Community orchards are a great opportunity for everyone to learn new skills – fencing, wildlife watching, horticultural skills gained from pruning and maintenance of the fruit trees and jam and fruit juice making skills, for example, once the fruit is picked. They benefit wildlife – a variety of flora and fauna – that can be supported by this environment – insects, birds, bees, bats, foxes and small mammals as well as wild flowers.
An orchard need not contain more than 5 small trees, so isn’t the enormous spread we often associate with the word “orchard”.
We have obtained permission from Highland Council to use a section of Viewfield Park to create a community orchard, planting 6 – 10 fruit trees. These will be placed in a small area which we will fence off using a low picket fence providing access to the public through an unlocked gate. We’ll put up information signs explaining the nature of the orchard. Volunteers and members of the general public will be invited to help in the planting and upkeep of the orchard.
We’ve been careful to select a part of the park not used by other groups such as the local schools, Nairn museum and the Sports Club. Some time ago we consulted the Museum who indicated their support for the idea. We have spoken with representatives of Nairn Allotments Society and local growers and aim to purchase heritage species of tree known to be suited to our climate.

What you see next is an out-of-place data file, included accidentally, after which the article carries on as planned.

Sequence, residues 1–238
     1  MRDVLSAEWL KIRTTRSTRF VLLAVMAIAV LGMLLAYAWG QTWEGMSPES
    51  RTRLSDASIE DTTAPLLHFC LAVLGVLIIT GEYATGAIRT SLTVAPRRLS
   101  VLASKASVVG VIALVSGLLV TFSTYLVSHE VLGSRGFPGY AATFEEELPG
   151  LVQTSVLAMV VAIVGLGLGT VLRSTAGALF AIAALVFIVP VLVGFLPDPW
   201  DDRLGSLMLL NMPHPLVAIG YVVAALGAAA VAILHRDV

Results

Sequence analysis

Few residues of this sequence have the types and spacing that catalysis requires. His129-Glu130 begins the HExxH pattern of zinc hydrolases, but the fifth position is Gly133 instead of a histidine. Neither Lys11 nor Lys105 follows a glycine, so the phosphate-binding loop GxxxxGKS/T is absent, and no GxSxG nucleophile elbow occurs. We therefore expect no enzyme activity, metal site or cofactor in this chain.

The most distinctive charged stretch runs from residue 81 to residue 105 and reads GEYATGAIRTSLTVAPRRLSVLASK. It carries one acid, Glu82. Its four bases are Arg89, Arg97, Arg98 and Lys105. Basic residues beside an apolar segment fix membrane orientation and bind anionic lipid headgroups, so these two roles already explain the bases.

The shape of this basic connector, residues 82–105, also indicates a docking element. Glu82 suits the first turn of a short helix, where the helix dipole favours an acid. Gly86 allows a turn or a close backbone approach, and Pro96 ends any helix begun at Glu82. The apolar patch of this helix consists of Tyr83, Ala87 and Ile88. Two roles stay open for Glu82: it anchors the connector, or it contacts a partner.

We want to make this orchard accessible and free to all, including children, young people and their families. Once it’s established, we plan to hold an annual Apple Day. Over the next few years we believe many school children, scouts and guides, families and other members of the community will acquire new skills from participating, while many others will benefit from the visual impact, will feel welcome to enjoy the place and the fruit and will enjoy the produce (jams etc) made available.
The trees are currently being grown in protected conditions and will be available for purchase and planting in the autumn. The ground and orchard area will be prepared in September or October, depending on weather, and the trees planted during October. Maintenance will be required on an on ad hoc basis from there on, at no extra cost.
We are making bids for small sums to fund the orchard. We have submitted a bid to Nurturing Nairnshire to underwrite the cost of purchasing the trees and the materials needed to plant them (less than £250), but will make a bid to Pebble Trust for the bulk of the funds needed. We will also approach local businesses for sponsorship and materials and will never turn down donations form any quarter!